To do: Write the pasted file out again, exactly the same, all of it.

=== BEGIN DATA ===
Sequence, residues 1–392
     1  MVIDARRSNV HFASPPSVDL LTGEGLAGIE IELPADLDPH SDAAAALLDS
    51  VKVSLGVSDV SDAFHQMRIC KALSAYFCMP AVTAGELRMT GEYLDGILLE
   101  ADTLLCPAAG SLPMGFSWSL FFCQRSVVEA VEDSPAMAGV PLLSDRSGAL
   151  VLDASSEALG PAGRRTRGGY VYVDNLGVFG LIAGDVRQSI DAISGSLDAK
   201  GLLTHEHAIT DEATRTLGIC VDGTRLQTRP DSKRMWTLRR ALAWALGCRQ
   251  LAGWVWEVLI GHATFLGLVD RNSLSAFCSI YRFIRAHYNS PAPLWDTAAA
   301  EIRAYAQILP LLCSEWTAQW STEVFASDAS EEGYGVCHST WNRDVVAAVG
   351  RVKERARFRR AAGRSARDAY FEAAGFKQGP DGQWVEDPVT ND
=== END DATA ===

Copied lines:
Sequence, residues 1–392
     1  MVIDARRSNV HFASPPSVDL LTGEGLAGIE IELPADLDPH SDAAAALLDS
    51  VKVSLGVSDV SDAFHQMRIC KALSAYFCMP AVTAGELRMT GEYLDGILLE
   101  ADTLLCPAAG SLPMGFSWSL FFCQRSVVEA VEDSPAMAGV PLLSDRSGAL
   151  VLDASSEALG PAGRRTRGGY VYVDNLGVFG LIAGDVRQSI DAISGSLDAK
   201  GLLTHEHAIT DEATRTLGIC VDGTRLQTRP DSKRMWTLRR ALAWALGCRQ
   251  LAGWVWEVLI GHATFLGLVD RNSLSAFCSI YRFIRAHYNS PAPLWDTAAA
   301  EIRAYAQILP LLCSEWTAQW STEVFASDAS EEGYGVCHST WNRDVVAAVG
   351  RVKERARFRR AAGRSARDAY FEAAGFKQGP DGQWVEDPVT ND